Gavin Brown's Enterprise at Passerby
436 West 15th Street, 212-206-7321
April 27 - May 25, 2007
Reception: Friday, April 27, 6 - 8 PM
Majuscule is a group project that revolves around different approaches to, and interpretations of the idea of reenactment, using it as a structure, a metaphor, or a social and cultural mode of operation. Treating the form of an existent narrative as a kind of material to work with, the artists in the show develop forms and situations that utilize and mutate linear movement into anatomies that operate independently, with a logic all their own.
Maria Antelman explores various social phenomena such as bodybuilding, war reenactments, rodeo culture, and extraterrestrial channeling. Her interest originates in the motives, fears and desires that underlie these very different subcultures and lifestyles, as well as the visual and linguistic rhetoric they utilize to further their cause. These realities offer fertile and diverse cultural eco-systems, rich in visual and textual matter, which proliferates each in its own community.
Sari Carel sifts through bits and pieces of narrative, events and images that are plucked out of their origin or sequence, and reinstated as part of a newly delineated interim territory. Working with painting, sculpture, new media and text, and using the mediums of film, fiction and journalistic reportage as disparate points of departure, the work circulates around ideas of translation, mutation and misinterpretation. Leaning on structural elements, such as editing, narrative and sequential development, the work tries to gauge the specific potency and residual mysteriousness that an image might retain, even while situated in an utterly saturated and discursively totalized world.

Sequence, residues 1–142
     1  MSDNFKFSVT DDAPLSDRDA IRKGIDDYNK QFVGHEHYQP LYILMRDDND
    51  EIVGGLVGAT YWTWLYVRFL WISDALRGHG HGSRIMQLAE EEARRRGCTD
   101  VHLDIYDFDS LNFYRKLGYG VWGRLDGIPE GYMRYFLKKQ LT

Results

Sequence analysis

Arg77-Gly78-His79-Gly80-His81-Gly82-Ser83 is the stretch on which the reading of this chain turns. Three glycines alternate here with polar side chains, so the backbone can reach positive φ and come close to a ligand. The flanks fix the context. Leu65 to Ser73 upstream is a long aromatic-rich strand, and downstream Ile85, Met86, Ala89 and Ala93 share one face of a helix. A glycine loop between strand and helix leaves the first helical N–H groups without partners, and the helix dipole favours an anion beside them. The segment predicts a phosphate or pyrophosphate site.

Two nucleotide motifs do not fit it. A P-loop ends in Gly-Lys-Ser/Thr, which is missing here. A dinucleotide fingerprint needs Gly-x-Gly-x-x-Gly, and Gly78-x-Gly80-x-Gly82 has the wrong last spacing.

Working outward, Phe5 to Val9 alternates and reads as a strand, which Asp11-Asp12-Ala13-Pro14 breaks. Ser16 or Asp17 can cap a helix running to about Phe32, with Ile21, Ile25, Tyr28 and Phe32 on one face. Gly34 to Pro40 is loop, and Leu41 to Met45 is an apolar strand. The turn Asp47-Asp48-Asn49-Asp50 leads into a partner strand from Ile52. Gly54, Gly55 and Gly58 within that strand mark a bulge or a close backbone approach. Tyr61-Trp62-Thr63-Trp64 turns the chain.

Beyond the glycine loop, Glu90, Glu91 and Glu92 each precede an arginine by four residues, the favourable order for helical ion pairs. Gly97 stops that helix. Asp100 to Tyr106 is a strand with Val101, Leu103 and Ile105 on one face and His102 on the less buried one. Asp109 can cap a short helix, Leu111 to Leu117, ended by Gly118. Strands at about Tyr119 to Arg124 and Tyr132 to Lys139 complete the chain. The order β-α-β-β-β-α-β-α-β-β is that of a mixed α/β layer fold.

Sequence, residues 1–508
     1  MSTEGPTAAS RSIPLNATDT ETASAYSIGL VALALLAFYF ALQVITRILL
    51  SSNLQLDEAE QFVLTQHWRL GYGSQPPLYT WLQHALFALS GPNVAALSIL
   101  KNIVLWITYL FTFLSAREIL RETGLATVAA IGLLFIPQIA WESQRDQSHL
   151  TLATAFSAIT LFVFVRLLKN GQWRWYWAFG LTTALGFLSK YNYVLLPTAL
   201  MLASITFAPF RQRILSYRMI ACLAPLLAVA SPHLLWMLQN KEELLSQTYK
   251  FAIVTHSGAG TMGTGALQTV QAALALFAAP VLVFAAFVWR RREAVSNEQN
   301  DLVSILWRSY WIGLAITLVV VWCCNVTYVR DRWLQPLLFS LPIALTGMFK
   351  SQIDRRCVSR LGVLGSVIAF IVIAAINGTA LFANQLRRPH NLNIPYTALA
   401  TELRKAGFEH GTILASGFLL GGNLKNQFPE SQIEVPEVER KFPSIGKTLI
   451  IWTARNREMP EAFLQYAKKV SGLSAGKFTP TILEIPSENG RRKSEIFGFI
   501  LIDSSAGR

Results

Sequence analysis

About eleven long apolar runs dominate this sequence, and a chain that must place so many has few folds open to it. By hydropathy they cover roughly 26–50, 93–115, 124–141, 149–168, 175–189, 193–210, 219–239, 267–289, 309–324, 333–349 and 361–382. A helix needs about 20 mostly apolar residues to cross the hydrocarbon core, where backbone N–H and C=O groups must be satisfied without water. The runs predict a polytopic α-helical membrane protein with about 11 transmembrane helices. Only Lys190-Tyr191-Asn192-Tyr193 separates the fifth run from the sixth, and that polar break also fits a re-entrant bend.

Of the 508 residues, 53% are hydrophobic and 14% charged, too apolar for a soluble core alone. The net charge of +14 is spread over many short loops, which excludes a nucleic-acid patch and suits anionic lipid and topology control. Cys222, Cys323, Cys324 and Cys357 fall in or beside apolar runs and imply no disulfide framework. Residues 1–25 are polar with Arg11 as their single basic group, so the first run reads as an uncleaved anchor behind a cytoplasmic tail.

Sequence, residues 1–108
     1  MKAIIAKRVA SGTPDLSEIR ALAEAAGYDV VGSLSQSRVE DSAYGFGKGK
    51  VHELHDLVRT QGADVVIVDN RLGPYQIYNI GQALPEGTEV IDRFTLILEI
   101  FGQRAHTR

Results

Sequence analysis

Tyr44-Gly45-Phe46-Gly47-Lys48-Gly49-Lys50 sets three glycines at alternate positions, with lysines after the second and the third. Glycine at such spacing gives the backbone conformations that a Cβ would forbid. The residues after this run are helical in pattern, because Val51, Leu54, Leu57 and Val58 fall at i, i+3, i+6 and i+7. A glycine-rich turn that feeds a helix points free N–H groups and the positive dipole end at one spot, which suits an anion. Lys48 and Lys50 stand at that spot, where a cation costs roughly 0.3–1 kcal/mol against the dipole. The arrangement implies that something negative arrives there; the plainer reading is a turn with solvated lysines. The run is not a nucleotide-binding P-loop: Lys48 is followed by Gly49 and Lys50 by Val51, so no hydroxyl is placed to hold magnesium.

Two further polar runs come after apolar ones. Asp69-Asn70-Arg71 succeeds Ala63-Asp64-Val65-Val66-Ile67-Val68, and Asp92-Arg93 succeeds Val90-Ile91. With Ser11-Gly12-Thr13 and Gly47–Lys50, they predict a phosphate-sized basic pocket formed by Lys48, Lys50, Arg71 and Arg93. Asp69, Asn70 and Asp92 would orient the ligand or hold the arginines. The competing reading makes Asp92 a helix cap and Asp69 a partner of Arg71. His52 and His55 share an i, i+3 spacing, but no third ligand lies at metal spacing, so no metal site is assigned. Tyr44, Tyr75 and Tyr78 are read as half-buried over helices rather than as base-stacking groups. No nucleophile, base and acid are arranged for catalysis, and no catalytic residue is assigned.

Anne Colvin’s work extends single moments of time, in effect punctuating an event from its temporal location and magnifying certain psychological aspects of its character. Sampled fragments of film, stills, voice and text are made eventful through Colvin’s temporal conceit. Abbreviated scenes become a preoccupation, unfinished thoughts run on repeat and their marks become trails, leaving the viewer to anticipate the next gesture. By constantly interrupting the narrative structure and repeatedly rupturing moments of recognition, the underlying tensions begin to unfold.
Liron Lupu brings to the forefront images and events, which tend to be ignored or have been forgotten. His work revolves around the mechanics in the structure of memory both individual and collective, concentrating on the way images tend to shift their meaning according to the way they are represented. Images of state-leaders, pets, sport events, musicians, family snapshots and violent or disturbing street scenes, are salvaged from found prints, old books, outdated calendars and magazines, perpetuating fragments, pieces of documents, and reality’s leftovers.
David Means is the author of Assorted Fire Events and The Secret Goldfish. His work has appeared in Harper’s, The New Yorker and Esquire among other magazines. His short stories lay out situations in which minute or dramatic violations, transgressions and unnoticed neglect serve as the centrifugal forces which propel the movement of narrative.
Ohad Meromi’s work uses local and universal myths such as Greek mythology and utopian theater. Working in a variety of mediums he lavishes attention on the imperfections generated by the hand – the blemishes, inaccuracies and inherent softness that is part of the homemade ethic that he follows, and with which he tackles obsolete ideologies and systems of ideas. Images drawn from discarded or bankrupt design languages hint at retro-futuristic environments and props, inspired by popular science-fiction television shows and movies from the 60s and 70s, as well as Modernist and utopian ambitions, both of which harbor an enthusiastic approach to a distant and mysterious future and past.
Organized by Sari Carel.